Before my masters, I worked for a small consulting called EPOS Corporation. That was a trial by fire. I think it was while drilling into the metal chassis of a huge plastics-injection machine in order to mount a transducer I realized, “This is not me. I need to go back to school.” Plus it was a… well, not exactly toxic environment, but a small company of great people can have some wild mood swings. It wasn’t healthy. But I learned a heck of a lot: lots of C code, the QNX message-passing way, how to piss off customers and win them back, how not to manage, how not to fire people, how seriously people take allegoric drawings, and how much doing what you want to do makes life absolutely rewarding.

I joined EPOS straight out of Auburn University where I got my Bachelors in Computer Engineering. I covered a wide range of computer power at Auburn: my first course was in FORTRAN and I actually used a punch-card system because it was, believe it or not, easier to me than the time-share terminals. From there it was to PL/I and Pascal and Prolog and even C. The IBM 360 was our main platform, though we also had a VAX and I had my little OS9 system at home.

And before all that I had planned to be an illustrator. You know, doing book covers and such. But then I used my lawn mowing money for a micro-computer and it was game over. That poor thing got Borg’ed up, having shadow-memory added, along with a replacement keyboard, and then floppy disk drives that allowed me to boot into OS9 and learn a real operating system. Illustrating? Well, if you’re ever in a meeting with me and I have pen and paper, you might notice my doodling.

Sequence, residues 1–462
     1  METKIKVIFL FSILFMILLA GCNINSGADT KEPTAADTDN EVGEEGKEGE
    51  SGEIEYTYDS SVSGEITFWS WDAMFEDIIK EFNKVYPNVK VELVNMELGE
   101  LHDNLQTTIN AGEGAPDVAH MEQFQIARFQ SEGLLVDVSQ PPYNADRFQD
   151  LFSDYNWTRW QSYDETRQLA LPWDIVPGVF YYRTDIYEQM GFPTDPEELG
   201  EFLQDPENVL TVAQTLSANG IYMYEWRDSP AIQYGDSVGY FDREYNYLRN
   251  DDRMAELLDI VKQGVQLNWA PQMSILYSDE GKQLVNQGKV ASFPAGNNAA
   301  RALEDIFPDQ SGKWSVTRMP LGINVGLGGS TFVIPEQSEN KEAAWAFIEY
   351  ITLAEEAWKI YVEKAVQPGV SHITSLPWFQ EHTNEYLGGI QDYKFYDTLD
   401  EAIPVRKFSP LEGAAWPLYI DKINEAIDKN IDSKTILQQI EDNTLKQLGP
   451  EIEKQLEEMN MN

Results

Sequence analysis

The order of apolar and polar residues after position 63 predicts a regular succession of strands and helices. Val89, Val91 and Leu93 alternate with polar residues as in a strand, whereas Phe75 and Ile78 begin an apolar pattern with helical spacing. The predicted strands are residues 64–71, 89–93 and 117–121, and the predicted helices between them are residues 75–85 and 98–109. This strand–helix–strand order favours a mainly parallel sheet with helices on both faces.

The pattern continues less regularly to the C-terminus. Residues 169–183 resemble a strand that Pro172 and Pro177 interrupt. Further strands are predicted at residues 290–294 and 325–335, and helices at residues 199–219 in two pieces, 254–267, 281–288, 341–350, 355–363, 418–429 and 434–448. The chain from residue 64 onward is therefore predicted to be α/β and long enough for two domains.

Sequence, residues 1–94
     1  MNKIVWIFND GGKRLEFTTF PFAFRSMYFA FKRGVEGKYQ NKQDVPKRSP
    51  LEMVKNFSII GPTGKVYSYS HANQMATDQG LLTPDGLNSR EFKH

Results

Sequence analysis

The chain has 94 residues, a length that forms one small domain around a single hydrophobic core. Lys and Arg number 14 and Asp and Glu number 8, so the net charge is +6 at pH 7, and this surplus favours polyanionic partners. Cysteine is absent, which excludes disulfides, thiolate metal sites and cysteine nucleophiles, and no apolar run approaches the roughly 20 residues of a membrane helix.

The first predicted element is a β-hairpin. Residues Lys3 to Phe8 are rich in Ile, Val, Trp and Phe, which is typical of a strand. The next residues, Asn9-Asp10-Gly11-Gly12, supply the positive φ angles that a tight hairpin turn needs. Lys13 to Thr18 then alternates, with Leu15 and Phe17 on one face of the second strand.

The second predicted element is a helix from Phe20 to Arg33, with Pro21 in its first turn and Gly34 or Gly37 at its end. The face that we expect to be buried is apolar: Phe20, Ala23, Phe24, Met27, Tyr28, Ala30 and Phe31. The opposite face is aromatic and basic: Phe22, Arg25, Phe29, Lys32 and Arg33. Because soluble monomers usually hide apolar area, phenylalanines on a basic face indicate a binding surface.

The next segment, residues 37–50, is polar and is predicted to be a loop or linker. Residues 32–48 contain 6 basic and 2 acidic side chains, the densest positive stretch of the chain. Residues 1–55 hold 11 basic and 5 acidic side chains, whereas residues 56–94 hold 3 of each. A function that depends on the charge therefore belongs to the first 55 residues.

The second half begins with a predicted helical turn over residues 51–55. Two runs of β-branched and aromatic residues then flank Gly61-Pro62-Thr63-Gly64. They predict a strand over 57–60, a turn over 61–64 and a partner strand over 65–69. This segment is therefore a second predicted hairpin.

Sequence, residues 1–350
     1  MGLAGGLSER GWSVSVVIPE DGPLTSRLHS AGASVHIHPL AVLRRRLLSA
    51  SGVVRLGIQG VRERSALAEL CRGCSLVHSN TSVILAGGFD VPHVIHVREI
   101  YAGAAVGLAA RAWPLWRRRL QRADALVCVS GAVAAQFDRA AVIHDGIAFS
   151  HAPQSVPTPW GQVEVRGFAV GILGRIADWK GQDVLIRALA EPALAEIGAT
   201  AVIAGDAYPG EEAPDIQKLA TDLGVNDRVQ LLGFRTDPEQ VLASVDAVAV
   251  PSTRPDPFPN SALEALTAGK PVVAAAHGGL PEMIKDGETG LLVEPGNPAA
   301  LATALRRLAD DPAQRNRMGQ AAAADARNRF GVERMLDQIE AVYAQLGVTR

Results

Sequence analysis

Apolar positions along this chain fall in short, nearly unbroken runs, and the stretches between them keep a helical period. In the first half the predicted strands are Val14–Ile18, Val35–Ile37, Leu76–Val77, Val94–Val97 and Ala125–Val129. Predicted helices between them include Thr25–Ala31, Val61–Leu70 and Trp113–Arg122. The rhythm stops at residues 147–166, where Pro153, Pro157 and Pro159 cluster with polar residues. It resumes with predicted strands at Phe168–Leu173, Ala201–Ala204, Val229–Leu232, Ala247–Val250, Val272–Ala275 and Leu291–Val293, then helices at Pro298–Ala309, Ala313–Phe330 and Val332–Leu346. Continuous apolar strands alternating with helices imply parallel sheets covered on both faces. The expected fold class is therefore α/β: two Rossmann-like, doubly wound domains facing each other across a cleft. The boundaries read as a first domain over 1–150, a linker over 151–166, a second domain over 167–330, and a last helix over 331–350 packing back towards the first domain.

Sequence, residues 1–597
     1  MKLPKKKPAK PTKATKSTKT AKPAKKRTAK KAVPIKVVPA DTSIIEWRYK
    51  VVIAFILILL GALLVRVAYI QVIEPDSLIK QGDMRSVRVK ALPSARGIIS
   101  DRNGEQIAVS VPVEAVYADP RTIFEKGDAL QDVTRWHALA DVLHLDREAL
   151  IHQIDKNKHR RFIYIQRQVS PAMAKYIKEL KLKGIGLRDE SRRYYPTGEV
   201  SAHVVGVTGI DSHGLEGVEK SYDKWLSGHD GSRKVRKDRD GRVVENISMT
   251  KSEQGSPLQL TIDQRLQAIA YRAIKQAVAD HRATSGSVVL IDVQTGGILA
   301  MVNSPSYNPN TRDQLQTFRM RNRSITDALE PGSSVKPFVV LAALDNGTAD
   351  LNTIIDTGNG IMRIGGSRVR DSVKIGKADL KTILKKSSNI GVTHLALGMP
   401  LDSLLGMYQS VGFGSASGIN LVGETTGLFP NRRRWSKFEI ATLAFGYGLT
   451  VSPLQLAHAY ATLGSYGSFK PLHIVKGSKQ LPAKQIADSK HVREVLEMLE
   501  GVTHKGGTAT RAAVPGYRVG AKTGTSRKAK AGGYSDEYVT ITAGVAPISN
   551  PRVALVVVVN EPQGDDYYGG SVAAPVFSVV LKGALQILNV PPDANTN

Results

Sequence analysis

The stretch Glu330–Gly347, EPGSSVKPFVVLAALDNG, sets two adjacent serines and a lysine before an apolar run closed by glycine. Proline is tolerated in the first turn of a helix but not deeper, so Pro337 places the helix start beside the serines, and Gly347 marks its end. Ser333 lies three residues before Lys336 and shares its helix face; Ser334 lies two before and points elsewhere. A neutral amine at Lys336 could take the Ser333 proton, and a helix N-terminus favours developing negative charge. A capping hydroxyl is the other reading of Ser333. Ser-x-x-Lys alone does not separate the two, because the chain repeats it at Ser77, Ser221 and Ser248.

And now, I’m at one of those crossroads. I’m still excited about technology (I’m playing with Python right now) but I’m also, strangely, excited about growing in the areas of leadership and innovation. I was exposed to the ideas of Robert Kegan recently and that really flipped a switch inside of my head regarding growth as a person and contributing at a greater level. I’m especially interested in growing within Microsoft and ensuring we have proper bridges to the influencers in the technical community.